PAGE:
illness, 37% had made a diagnosis. Studies of public knowledge
indicated that 57% had heard of CFS, 27% considered it a medical
condition and 2% believed it was a psychological illness. Nearly 10%
of the public knew of someone with CFS. The top 3 ways in which health
care providers manage CFS were: referral to a medical specialist
(35%), medication (29%), and referral to a psychologist/prescribing
graded exercise therapy (26%). The public sought information by
talking to family doctor (72%), searching the internet (54%) and
talking to a medical specialist (25%). Only 7% would join a support

J.Allegre (Barcelona,Spain) presented results of a study to determine
the sociodemographic, clinical and therapeutic characteristics of CFS
patients in Spain. The condition was found to affect mainly
middle-aged, educated women. Onset most often occurs following an
identifiable trigger, such as infection, delivery or stress, and was
sudden in 20%. At the time of diagnosis 62.5% were not working.
Treatments were: symptomatic medication (analgesics, antidepressants,
anxiolytics) in 78.3%, alternative treatments in 3% and physical
exercise and/or CBT in 5%.

Genomics and genetics

Expression patterns of genes relevant to immune function were
discussed by E. Brenu (Gold Coast, Australia). Her study confirmed
changes in microRNA expression in cytotoxic cells that may be related
to the poor function of these cells in CFS patients.

M.Rajeevan (Atlanta,USA) had looked at the immune and inflammatory
alterations in CFS to determine if genetic variants in inflammation
and immune pathways could be linked to CFS, as well as to quantitative
measures of functional impairment, fatigue and symptom inventory.
Compared to controls, CFS was associated with 34 functionally relevant
single nucleotide polymorphisms (SNPs). 12 of these are in pathways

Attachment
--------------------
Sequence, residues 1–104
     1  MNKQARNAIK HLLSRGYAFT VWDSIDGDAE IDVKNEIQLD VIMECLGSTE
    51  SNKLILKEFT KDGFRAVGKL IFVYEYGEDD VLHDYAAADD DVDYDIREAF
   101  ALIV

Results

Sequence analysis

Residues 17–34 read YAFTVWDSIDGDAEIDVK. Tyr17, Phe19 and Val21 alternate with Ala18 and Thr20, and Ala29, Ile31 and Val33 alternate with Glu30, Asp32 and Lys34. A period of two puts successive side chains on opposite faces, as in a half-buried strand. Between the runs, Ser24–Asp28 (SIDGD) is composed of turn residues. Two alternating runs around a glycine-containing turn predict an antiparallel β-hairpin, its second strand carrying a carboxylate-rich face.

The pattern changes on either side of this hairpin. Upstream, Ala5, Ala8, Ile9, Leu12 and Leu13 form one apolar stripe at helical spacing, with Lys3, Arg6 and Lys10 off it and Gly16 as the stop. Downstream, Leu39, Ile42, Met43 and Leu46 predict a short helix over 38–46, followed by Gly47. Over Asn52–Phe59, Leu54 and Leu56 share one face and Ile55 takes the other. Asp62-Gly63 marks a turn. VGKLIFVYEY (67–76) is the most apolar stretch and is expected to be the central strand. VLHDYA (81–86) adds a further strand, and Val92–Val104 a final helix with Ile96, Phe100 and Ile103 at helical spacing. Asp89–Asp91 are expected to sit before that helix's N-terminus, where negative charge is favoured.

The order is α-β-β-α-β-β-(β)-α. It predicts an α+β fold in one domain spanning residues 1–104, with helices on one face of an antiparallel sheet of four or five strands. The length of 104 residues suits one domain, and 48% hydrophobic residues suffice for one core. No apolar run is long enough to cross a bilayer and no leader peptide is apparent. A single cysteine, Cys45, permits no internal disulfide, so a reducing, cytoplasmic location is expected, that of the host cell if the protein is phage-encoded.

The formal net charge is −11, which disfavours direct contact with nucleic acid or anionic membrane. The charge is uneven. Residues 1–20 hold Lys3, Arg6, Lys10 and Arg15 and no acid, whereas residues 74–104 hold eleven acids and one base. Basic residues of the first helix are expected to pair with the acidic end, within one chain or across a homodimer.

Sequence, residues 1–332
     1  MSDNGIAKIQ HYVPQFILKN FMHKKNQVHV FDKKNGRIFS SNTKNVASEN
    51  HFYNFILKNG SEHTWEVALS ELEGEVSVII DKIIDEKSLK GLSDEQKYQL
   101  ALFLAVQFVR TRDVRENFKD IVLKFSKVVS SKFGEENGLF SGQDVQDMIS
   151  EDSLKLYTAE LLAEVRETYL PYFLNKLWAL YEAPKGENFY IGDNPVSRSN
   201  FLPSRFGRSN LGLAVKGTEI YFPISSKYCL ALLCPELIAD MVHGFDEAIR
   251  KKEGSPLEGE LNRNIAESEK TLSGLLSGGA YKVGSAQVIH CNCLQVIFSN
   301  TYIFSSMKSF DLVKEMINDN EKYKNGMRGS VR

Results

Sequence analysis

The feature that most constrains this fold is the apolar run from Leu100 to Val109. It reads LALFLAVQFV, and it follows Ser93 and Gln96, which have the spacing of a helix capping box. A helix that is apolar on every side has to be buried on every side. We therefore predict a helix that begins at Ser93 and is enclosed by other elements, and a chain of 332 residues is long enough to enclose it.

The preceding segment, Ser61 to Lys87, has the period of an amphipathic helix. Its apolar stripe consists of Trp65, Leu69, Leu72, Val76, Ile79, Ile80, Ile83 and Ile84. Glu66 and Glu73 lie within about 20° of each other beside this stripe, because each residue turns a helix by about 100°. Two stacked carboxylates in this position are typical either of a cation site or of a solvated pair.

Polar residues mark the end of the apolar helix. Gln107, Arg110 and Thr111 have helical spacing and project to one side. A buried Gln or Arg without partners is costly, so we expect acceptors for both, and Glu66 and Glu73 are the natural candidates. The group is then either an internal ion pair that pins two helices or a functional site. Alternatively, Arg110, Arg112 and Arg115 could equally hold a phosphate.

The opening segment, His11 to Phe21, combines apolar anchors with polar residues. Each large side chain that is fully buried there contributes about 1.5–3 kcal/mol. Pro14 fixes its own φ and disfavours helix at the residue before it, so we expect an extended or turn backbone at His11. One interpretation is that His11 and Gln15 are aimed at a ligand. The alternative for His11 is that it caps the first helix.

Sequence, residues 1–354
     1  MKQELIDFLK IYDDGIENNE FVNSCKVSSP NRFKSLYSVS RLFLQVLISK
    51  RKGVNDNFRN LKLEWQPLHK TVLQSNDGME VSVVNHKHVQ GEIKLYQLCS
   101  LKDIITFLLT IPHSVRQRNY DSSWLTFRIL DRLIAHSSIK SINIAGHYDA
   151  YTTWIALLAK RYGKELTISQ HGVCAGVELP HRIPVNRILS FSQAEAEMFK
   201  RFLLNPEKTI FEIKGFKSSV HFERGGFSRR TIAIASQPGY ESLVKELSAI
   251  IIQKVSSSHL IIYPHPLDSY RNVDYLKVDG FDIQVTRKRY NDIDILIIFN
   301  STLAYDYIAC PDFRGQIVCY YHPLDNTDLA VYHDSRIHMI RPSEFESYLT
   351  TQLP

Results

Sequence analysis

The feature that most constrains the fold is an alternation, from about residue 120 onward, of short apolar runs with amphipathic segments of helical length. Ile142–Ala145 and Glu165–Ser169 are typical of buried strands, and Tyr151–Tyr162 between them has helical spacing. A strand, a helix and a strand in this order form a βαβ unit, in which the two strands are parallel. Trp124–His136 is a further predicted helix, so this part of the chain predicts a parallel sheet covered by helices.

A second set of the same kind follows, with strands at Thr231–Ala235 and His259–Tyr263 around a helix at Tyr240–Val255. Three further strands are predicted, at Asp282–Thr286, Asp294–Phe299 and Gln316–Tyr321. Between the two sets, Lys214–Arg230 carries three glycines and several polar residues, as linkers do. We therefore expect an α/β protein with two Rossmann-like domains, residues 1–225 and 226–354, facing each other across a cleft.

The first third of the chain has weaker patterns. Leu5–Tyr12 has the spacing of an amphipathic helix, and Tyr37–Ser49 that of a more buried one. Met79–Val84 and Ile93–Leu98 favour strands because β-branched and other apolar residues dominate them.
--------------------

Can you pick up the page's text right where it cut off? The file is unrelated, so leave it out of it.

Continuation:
related to complement cascade, chemokines and cytokines/cytokine
signalling and Toll-like receptor signalling. Differences in these
associations found for subjects with exclusionary conditions otherwise
meeting criteria for CFS, suggests important differences between these

L.Bateman (Salt lake City,USA) presented work to determine whether
baseline and/or post-exercise expression of genes involved in
signalling and modulating sensory fatigue and muscle pain are
potential biomarkers for distinguishing those with CFS and FM from
healthy controls. At least 2 sub-groups of patients were identified by
gene expression following exercise. The larger subgroup showed
increases in mRNA for sensory ion channels and adrenergic receptors
and a cytokine. Symptom severity was associated with greater
post-exercise increases in these genes. The smaller subgroup were
mainly patients with orthostatic intolerance and there was no
post-exercise increase in any gene, and was defined by decreases in
mRNA for ?2A adrenergic receptor. The FM only patients were identified
by baseline increases in 3 genes. Post-exercise increase in 4 genes
distinguished CFS from controls, and could be an objective biomarker